The Grievant did not violate the rules as charged. If the Arbitrator concludes otherwise, then the Association contends that just cause does not support the level of discipline imposed.


Lieutenant Cox was the Internal Affairs Investigator in this case. As Lt. Cox testified, the "probable cause folder" contains time-sensitive material because "probable cause" must be determined within forty-eight (48) hours of arrest.

It is undisputed that, on August 12, 2009, the Grievant and Deputy Boushon were assigned to act as Bailiffs in Intake Court and that Deputy Bondar was the liaison officer between the Jail and the Intake Court. Lieutenant Cox recalls that, when he interviewed Deputy Bondar, Deputy Bondar stated that he gave the "probable cause folder" to the Grievant; that the Grievant did not understand the routing of the folder; and that the Grievant did not inquire about the folder. This "probable cause folder" contained five arrest reports.

If, as Deputy Bondar's statements indicate, he had reason to believe that the Grievant did not understand the routing of the "probable cause folder," it would have been prudent for Deputy Bondar to have instructed the Grievant as to the time-sensitive nature of this folder and to have indentified the individual in the Intake Court who was to receive this folder. According to Lieutenant Cox, Deputy Bondar was not a subject of the internal affairs investigation, but rather, was interviewed as a witness.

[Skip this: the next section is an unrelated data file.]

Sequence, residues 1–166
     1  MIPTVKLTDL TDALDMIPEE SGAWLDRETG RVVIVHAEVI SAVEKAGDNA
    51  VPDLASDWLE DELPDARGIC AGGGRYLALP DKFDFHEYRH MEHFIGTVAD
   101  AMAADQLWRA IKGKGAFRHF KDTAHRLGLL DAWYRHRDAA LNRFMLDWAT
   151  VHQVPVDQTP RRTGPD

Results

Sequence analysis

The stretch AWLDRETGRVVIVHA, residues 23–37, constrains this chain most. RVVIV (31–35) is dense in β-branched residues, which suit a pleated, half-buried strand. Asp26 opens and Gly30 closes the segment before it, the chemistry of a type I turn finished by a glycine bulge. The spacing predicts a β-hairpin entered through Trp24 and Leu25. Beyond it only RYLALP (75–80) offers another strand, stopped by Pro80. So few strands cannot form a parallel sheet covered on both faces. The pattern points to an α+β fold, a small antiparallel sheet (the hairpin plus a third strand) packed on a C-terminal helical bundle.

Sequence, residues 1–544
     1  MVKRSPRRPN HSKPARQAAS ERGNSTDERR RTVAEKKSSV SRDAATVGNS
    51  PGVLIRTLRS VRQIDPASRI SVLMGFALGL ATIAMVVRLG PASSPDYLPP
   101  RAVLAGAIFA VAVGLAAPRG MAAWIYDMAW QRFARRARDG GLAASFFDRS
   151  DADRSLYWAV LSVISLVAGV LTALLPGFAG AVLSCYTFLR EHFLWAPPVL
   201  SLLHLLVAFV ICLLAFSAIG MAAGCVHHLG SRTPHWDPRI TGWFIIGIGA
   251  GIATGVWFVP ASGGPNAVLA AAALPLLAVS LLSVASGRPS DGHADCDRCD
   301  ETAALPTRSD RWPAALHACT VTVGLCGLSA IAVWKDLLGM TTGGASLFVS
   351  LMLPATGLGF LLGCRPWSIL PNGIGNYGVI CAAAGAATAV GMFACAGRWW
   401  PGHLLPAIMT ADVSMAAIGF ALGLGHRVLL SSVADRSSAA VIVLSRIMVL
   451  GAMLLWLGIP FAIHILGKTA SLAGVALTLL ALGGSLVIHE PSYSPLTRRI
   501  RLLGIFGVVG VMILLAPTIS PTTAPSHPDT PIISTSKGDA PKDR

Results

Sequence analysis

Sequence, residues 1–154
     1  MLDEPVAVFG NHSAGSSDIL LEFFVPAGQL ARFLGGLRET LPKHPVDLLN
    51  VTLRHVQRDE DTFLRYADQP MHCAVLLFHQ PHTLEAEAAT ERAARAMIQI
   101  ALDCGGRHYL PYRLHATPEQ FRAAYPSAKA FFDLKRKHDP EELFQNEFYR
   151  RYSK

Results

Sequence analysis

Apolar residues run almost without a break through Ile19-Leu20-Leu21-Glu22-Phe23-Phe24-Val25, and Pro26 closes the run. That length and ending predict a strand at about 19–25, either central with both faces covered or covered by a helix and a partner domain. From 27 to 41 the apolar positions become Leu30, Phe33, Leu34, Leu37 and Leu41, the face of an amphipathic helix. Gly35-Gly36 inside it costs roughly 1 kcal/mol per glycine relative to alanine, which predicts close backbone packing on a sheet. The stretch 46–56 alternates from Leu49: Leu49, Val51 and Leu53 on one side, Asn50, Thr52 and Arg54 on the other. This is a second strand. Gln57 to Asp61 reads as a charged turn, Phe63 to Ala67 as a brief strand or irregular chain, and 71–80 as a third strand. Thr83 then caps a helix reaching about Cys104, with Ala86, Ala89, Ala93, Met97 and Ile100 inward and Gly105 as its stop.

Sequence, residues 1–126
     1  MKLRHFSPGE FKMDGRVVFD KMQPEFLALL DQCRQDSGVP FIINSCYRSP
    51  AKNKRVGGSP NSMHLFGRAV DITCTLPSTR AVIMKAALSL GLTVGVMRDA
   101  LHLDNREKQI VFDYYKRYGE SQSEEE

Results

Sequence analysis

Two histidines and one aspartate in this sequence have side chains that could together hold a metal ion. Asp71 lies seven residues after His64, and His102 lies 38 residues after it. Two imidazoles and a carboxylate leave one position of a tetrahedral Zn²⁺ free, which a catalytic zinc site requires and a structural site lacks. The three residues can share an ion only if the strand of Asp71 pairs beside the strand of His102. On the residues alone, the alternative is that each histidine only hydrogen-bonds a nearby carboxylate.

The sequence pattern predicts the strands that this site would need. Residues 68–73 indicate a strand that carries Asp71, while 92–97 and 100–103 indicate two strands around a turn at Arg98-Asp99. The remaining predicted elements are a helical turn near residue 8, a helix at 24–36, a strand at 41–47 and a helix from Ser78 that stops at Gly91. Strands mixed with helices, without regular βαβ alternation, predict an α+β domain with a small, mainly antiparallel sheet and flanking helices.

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The Grievant states that, although she had been assigned to Courts from April 2003 to January 2006 and was reassigned to Courts in January of 2008, she rarely worked in Intake Court. Neither the Grievant's testimony, nor any other record evidence, establishes that, on August 12, 2009, by Department experience and/or training, the Grievant had knowledge of the routing procedures of the "probable cause folder" between the Jail liaison officer and the Intake Court.

The Grievant recalls that, when Deputy Bondar gave her the "probable cause" folder, she was carrying other folders; she returned to the Intake Court; she looked at the folders to see what she had; she identified folders for the DA's desk and paperwork that went to the Court Commissioner; she did not know what to do with the "probable cause folder; and she asked Deputy Boushon what she should do with the "probable cause folder." The Grievant further recalls that Deputy Boushon looked at the "probable cause folder" and then told her to give it to him, that he would take care of it.

Lieutenant Cox states that Deputy Boushon had more Court Intake experience than the Grievant. Lieutenant Cox further states that a Deputy who is unsure of how to perform a particular task may question another Deputy and is not required to seek guidance from a supervisor.

During the investigation, Deputy Boushon told Lt. Cox that, between Noon and 12:15 p.m., he discovered the "probable cause folder" on the DA's table in the Intake Court and that he held this folder until the Court Commissioner returned from lunch. Information provided to Lt. Cox during his investigation indicates that the "probable cause" time limit in two of the arrests had expired between 1200 hours to 1257 hours; a third had expired at 1010 hours; a fourth had expired at 1144 hours and a fifth was still within the forty-eight hour period.